Holyrood committee drops rent controls bill



A bill to control rent levels is unlikely to be debated in Holyrood after the Local Government Committee decided there was not enough time to scrutinise it.

The Committee said that due to a heavy workload, they could not allocate the appropriate amount of time to provide proper scrutiny of Pauline McNeill MSP’s Fair Rents (Scotland) Members Bill.

The decision means that the bill, introduced at the start of June and dubbed the Mary Barbour Bill after the legendary rent strike organiser, is now unlikely to be debated before next year’s Scottish Parliament elections.

The Fair Rents (Scotland) Bill added to the law about private rented housing in the Private Housing (Tenancies) (Scotland) Act 2016 and aims to improve the way rents are set in private rented housing as a means of reducing poverty and supporting low-income tenants and their families.

The bill prevented a landlord from increasing rent by more than a set level, related to inflation; allowed a tenant to apply to the rent officer to have a ‘fair open market rent’ set for the property (a tenant can do this only once in any 12-month period); and required landlords to include details of the rent they charge in the public register known as the Scottish Landlord Register.

The bill also meant that the Scottish Government would have to publish a statement within three years showing how the bill has affected rent levels in Scotland and how affordable private rented housing is.

The bill was also written with the support of Govan Law Centre’s Mike Dailly and followed extensive engagement from across the housing sector in Scotland.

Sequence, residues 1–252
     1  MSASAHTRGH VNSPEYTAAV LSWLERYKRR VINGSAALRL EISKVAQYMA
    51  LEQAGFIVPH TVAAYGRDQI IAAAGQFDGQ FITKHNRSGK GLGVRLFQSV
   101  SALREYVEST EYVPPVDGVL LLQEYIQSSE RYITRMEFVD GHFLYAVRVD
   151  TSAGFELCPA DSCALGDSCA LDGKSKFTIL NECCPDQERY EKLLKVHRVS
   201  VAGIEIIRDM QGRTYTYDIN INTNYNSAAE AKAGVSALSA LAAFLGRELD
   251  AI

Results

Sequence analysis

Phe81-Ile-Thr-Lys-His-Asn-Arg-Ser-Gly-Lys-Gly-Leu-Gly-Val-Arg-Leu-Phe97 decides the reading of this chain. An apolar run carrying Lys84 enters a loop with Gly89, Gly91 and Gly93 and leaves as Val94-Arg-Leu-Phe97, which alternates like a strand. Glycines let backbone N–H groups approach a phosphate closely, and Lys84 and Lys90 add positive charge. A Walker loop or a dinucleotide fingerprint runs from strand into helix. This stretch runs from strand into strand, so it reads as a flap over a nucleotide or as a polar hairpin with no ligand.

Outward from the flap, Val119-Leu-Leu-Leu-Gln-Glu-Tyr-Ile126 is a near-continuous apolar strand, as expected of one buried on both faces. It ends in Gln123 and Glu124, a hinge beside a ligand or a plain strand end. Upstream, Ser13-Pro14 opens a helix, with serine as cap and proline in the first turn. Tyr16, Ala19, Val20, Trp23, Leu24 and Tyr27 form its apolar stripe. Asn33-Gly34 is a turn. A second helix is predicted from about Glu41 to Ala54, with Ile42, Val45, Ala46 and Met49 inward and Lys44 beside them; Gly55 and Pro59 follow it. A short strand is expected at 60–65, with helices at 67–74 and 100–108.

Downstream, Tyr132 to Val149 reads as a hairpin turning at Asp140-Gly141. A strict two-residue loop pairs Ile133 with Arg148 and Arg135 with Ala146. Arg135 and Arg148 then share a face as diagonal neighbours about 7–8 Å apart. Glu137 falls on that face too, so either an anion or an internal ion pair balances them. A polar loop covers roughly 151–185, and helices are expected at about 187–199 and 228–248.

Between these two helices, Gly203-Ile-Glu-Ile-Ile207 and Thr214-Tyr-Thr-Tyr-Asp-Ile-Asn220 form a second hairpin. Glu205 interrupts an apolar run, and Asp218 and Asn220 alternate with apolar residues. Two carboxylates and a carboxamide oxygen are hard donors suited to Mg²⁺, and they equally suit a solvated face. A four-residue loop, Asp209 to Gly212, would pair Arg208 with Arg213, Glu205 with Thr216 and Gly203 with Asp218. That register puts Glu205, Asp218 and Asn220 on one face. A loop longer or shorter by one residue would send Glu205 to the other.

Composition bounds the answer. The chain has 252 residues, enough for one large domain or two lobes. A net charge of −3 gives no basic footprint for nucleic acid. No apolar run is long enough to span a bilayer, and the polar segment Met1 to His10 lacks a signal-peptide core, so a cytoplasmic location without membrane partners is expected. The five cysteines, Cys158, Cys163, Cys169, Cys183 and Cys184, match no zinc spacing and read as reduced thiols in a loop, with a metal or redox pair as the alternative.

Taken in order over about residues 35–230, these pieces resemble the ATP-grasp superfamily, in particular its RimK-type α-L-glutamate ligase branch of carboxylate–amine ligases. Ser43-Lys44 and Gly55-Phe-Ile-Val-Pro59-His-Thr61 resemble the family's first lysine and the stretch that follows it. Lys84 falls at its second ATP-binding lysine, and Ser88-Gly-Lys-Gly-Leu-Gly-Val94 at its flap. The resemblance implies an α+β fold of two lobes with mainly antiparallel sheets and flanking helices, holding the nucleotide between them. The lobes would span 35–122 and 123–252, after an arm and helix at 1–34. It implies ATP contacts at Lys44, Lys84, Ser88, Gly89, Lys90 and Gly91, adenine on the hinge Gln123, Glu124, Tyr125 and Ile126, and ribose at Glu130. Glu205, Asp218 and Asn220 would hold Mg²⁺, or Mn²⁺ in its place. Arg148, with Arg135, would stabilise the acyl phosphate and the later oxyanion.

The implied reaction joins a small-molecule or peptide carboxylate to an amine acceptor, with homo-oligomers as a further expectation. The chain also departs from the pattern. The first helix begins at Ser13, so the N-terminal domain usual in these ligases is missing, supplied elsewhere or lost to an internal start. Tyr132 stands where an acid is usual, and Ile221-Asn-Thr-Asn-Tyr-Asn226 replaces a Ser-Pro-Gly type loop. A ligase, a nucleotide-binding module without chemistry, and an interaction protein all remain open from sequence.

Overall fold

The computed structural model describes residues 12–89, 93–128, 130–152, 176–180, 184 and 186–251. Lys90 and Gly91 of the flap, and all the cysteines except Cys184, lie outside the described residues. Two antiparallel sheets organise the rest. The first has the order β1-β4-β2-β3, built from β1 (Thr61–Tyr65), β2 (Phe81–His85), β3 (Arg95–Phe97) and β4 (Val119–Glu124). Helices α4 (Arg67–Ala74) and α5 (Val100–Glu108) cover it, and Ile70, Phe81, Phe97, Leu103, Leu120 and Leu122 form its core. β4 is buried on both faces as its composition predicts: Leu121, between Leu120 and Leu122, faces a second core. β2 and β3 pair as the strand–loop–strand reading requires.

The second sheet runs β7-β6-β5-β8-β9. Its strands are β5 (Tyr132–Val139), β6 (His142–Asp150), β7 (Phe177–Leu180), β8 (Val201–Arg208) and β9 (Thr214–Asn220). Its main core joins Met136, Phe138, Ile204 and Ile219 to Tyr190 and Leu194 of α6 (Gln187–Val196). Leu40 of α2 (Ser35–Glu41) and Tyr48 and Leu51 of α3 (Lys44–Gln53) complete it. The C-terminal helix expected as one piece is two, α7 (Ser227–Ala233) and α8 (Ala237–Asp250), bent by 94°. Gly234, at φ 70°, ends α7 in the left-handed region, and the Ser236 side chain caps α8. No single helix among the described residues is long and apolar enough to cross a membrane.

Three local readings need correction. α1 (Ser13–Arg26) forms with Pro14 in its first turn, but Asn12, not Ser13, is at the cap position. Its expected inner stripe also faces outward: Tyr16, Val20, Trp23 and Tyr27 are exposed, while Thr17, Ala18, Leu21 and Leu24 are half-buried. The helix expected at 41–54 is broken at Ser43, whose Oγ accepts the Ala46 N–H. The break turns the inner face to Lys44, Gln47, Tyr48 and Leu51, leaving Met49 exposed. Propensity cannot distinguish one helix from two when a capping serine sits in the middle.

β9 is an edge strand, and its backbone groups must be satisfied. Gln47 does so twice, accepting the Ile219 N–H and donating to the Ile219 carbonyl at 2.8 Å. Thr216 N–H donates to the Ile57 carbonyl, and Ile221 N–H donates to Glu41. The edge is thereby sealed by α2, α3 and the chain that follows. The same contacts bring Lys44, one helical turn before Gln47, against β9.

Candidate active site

Commenting on the dropping of the bill, Ms McNeill, who is Scottish Labour’s housing spokesperson, said: “I am extremely disappointed that the Local Government Committee has decided not to proceed with the Fair Rents (Scotland) Bill at this stage.

“I appreciate that time is tight between now and the end of this parliamentary session, but the Bill proposed important measures to protect renters and improve housing affordability. The need for these measures was great before the Covid-19 crisis but lockdown has intensified the need for change in this sector.

“There has never been more people renting in the private rented sector, many of whom will be in a crisis of high rents, but do not have the option of public housing or the deposit to buy their own home.

“I believe so strongly in the need for this legislation, I will be seeking to have the Bill scrutinised by one of the other parliamentary committees. We cannot afford to leave thousands of Scots having to pay unaffordable rents.”

Mike Dailly, solicitor advocate at Govan Law Centre, added: “We are astonished that the Scottish Parliament‘s Local Government Committee has refused to consider the Fair Rents (Scotland) Bill. They have binned the Bill without any discussion. A year of hard work ignored. Lockdown has meant a massive increase in rent arrears, what could be more important than discussing fair rents in Scotland?

“The private rented sector has trebled in size over the last 20 years and private rents have gone up by double the rate of inflation year on year across the central belt of Scotland. Poorer families can spend 60% of their income on rent.

“The Scottish Government don’t want to debate the difficult issues of rent controls in the run up to next year’s Scottish Parliament elections, which is exactly when we should debate such important issues. MSPs should speak up for low-income families renting in the private sector and make sure this well thought through legislation is considered by the Scottish Parliament.”



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